A memorial tribute concert doesn’t get into full swing until former President Bill Clinton reveals some practical jokes pulled by the deceased. And so it was on Thursday evening at the majestic Church of St. John the Apostle on Manhattan’s Upper West Side, where a group of 100 or so had braved the piles of snow outside to gather for a tribute of late South African President Nelson Mandela.
In a night blending the anti-apartheid leader’s favorite songs, a lifetime of photos, and his best speeches, Oscar-winner and Mandela-impersonator Morgan Freeman, South African TV and radio host Gareth Cliff, and former President Clinton joined the Soweto Gospel Choir for what was called the first official international tribute since Mandela passed away at age 95 in December.
As the hosts moved through Mandela’s 27 years imprisonment—where he was allowed only one visitor a year and one letter every six months—and into his presidency, screens around the church filtered through photographs of Mandela’s life, and the remembrances were punctuated by echoing song. The colorfully outfitted and world-renown Soweto Gospel Choir, a favorite of Mandela’s, sang classics like “Asimbonanga,” a song written about the late leader, and the South African national anthem.
Morgan Freeman read a selection of Mandela’s most powerful speeches and insightful writings. The two first met in the 1990s, and developed a relationship that would lead to Freeman’s portrayal of Mandela in the 2009 film Invictus. “He was asked who he’d want to portray him and to my everlasting honor he mentioned me,” Freeman remembered.
Meanwhile, the Mandela Foundation’s CEO Sello Hatang recalled when Freeman came to screen Invictus for the late president. “Well that movie was very nice and Morgan Freeman did a good job,” he joked at the end, “but shouldn't he pay me for playing me?”
The event was hosted by CultureHorde, a New York-based private arts and culture club, and benefited the Nelson Mandela Foundation's Center for Memory. The club’s founder, Pamela Mirels, is a South African native whose family left the country as the apartheid system crumbled.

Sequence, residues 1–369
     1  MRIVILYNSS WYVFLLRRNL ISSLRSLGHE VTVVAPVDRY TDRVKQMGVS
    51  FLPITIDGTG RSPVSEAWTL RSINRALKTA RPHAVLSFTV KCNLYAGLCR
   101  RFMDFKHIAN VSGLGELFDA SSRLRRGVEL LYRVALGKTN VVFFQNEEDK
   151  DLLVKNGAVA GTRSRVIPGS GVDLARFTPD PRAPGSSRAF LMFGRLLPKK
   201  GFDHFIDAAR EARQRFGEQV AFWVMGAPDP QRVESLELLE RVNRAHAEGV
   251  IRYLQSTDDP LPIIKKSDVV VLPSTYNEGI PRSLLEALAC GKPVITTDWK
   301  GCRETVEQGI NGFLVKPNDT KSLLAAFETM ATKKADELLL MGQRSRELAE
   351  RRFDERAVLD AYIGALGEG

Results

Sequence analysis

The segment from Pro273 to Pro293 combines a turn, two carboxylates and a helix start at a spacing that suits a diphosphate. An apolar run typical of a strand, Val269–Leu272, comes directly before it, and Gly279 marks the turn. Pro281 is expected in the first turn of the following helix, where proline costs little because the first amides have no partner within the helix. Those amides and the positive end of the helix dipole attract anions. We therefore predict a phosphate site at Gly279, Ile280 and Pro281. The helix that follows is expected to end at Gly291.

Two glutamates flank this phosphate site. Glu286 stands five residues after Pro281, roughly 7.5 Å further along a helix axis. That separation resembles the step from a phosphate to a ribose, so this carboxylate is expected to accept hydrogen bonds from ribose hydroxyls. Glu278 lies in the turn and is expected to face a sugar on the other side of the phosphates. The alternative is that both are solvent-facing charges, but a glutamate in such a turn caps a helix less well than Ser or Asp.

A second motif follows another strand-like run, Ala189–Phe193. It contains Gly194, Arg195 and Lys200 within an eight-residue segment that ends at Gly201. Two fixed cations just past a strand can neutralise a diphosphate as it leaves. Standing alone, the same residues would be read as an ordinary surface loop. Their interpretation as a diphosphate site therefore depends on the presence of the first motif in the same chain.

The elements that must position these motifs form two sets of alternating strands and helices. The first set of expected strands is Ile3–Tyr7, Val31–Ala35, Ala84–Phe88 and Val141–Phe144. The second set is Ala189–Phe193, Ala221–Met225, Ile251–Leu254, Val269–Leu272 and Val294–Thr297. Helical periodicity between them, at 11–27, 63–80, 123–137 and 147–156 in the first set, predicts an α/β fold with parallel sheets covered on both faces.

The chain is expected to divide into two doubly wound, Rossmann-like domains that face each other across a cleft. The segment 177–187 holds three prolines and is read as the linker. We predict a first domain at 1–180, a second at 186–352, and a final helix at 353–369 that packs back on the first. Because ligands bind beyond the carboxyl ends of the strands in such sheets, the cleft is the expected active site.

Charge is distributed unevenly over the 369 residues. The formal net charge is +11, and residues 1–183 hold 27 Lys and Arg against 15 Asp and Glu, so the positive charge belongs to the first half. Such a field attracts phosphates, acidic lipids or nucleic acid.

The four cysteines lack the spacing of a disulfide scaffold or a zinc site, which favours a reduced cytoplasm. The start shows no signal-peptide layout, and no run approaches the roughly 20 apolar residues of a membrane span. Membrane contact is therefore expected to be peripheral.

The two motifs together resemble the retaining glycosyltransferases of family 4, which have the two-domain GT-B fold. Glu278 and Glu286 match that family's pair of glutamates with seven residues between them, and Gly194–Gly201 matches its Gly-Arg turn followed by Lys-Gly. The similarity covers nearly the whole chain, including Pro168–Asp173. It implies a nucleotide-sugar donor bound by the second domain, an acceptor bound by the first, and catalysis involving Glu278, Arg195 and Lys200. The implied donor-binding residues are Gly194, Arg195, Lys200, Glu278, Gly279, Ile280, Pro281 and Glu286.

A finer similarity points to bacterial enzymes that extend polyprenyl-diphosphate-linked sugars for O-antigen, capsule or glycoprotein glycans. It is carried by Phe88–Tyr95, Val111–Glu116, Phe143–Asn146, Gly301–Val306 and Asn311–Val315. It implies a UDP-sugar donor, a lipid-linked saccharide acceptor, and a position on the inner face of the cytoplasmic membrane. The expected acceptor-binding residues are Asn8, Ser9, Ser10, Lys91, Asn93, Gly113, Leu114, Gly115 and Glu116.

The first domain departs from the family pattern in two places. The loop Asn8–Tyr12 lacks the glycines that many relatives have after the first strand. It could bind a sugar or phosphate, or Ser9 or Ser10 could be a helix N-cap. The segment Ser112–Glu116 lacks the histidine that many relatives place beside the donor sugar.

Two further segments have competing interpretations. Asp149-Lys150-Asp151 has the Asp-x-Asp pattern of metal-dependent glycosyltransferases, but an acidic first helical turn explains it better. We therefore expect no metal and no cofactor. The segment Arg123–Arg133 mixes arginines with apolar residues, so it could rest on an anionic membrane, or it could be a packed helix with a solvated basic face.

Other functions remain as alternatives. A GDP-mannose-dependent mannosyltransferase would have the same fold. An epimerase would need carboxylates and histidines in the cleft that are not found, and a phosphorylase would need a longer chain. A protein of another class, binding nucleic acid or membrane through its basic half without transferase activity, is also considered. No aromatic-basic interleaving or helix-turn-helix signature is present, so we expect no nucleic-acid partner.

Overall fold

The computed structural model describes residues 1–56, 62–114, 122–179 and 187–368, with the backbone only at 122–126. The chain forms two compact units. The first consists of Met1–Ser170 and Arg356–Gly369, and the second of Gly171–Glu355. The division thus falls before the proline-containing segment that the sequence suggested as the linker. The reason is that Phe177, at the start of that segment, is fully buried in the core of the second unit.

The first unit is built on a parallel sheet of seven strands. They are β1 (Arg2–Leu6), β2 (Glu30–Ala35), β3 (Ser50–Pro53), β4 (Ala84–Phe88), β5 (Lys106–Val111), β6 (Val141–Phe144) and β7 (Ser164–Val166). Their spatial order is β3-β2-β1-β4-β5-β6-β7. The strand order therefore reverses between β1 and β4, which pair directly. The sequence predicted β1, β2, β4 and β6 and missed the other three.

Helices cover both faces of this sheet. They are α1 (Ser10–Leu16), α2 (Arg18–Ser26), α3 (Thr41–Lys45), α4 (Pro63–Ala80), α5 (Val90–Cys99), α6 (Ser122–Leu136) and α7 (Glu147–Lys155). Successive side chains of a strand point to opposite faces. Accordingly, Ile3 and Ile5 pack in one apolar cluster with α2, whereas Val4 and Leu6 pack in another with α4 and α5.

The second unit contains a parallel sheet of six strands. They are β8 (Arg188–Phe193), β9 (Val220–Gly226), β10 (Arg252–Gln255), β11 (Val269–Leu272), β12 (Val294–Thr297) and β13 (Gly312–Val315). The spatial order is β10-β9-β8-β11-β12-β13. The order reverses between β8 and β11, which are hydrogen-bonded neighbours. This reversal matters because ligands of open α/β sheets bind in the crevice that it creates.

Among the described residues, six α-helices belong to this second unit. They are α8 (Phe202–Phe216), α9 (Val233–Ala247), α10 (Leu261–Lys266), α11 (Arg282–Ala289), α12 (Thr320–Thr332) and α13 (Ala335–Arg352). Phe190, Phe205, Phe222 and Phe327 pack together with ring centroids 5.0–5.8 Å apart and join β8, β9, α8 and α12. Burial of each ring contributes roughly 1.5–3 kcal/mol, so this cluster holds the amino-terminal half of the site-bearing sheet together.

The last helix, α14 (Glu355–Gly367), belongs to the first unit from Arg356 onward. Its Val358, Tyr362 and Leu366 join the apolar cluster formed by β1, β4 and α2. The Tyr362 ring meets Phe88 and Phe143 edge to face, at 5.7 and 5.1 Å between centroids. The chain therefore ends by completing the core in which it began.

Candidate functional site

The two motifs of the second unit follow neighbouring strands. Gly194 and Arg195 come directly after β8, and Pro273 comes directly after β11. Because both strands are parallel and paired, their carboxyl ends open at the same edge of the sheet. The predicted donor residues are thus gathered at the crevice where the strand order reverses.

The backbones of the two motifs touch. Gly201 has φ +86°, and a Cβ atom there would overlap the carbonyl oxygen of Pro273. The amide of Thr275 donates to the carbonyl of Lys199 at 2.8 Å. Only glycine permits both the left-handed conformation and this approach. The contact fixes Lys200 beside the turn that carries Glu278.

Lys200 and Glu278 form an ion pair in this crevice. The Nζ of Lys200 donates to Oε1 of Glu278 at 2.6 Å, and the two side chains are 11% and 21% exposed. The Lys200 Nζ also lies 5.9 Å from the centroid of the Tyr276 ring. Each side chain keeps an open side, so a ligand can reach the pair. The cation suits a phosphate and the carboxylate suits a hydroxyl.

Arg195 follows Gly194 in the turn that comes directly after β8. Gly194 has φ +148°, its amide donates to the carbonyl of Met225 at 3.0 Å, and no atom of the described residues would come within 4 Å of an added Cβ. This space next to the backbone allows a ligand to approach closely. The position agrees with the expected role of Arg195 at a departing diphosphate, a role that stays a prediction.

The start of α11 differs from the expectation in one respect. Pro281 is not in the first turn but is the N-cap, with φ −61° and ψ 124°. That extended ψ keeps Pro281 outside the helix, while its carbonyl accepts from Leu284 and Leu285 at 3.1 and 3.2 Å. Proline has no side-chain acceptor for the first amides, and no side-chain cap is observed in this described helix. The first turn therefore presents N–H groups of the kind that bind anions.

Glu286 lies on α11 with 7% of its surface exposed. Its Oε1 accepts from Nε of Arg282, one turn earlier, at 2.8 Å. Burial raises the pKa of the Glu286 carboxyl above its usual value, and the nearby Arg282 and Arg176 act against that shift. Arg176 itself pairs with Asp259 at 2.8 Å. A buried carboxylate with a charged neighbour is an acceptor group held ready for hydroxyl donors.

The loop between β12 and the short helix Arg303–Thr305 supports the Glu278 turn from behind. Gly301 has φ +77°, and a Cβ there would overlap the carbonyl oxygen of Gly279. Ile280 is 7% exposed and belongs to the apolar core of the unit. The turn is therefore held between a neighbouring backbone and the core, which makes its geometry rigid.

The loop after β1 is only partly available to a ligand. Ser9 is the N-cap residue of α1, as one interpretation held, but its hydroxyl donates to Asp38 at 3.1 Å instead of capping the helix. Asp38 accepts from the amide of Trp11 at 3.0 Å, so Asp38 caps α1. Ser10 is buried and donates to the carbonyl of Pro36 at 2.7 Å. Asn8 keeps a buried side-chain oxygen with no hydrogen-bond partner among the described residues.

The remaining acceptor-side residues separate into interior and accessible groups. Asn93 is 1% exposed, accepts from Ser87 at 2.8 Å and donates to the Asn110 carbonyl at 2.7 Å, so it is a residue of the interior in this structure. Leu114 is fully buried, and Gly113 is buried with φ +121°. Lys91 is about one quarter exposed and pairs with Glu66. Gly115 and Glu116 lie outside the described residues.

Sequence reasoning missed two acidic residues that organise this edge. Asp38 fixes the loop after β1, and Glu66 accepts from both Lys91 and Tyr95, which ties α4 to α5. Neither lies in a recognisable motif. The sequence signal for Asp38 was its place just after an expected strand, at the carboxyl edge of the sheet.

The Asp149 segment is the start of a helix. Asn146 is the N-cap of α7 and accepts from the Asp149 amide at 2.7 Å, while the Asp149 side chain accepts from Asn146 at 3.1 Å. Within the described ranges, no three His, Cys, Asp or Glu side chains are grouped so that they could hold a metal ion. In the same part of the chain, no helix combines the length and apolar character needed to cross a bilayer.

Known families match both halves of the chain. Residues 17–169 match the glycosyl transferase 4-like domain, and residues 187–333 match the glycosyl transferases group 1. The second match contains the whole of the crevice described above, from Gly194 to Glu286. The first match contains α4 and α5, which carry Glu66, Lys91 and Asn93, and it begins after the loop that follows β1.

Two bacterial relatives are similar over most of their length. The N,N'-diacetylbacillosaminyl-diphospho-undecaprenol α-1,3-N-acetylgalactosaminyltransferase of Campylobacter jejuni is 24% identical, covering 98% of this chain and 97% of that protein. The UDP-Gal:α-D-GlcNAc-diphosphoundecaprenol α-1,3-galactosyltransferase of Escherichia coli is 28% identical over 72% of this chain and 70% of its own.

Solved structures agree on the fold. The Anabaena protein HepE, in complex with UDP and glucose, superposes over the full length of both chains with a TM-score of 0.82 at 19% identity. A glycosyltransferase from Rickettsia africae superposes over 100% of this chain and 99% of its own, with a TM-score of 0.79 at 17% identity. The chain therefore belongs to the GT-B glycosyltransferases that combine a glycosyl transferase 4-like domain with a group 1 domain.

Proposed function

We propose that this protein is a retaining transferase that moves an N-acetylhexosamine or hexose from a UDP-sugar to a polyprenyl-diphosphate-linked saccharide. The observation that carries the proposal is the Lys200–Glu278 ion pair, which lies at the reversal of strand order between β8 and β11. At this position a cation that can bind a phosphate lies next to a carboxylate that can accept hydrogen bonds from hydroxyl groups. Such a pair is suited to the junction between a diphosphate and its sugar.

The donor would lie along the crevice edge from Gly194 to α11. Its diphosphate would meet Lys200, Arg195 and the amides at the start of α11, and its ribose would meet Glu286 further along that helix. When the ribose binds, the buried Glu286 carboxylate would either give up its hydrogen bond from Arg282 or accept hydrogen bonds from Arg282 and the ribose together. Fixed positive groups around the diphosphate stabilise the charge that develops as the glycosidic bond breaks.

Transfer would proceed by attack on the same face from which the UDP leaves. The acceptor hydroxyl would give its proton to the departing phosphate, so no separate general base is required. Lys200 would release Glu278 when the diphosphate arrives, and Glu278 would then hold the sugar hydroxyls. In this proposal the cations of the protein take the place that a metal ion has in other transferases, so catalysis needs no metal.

In remarks Mandela made upon his release from prison in 1990, Freeman read: “I stand here before you not as a prophet, but as a humble servant of you, the people. Your tireless and heroic sacrifices have made it possible for me to be here today. I therefore place the remaining years of my life in your hands.”
“He freed an entire nation and in freeing a nation he changed the world. We lost a true giant of the 20th century, but in our loss is the realization that thanks to him we have all gained something,” Freeman said. “Madiba’s journey may be over, but his legacy continues to grow with us all.”
In trademark off-the-cuff style, the former president spoke reverently and humanizingly about the late leader, but first chided host Gareth Cliff for a Mandela impression so good it put Freeman’s to shame and intimidated Clinton from doing his own. “I'm already old and gray, and now I have to fit myself between gospel choir and the voice of god,” he joked after taking the mic. It was Clinton who made the first donation to the Mandela Foundation in the amount of $1 million.